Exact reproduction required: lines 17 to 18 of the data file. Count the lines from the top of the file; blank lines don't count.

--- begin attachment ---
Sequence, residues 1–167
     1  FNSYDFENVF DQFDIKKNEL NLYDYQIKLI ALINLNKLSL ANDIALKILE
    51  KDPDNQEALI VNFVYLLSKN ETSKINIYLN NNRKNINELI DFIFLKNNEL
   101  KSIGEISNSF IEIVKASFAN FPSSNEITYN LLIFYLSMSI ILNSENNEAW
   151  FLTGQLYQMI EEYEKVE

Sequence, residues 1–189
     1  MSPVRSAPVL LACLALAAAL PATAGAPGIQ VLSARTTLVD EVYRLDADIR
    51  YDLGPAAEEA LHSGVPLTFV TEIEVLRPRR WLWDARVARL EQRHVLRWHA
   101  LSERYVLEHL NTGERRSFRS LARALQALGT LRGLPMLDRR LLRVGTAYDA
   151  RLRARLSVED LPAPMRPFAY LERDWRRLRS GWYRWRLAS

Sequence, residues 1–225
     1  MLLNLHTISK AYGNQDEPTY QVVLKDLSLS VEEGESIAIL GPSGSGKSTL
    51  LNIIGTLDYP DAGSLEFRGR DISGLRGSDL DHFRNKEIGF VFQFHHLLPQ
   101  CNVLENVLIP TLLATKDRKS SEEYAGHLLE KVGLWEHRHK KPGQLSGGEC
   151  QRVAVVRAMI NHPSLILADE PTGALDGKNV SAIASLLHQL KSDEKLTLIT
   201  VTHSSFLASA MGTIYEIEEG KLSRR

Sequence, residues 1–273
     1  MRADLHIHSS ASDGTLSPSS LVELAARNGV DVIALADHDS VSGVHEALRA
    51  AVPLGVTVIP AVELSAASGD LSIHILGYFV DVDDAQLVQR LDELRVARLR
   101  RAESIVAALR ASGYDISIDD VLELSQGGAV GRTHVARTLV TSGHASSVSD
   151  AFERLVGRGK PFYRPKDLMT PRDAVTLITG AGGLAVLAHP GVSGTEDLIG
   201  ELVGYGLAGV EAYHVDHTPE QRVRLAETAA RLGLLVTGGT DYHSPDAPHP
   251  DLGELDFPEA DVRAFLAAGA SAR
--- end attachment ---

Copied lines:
Sequence, residues 1–273
     1  MRADLHIHSS ASDGTLSPSS LVELAARNGV DVIALADHDS VSGVHEALRA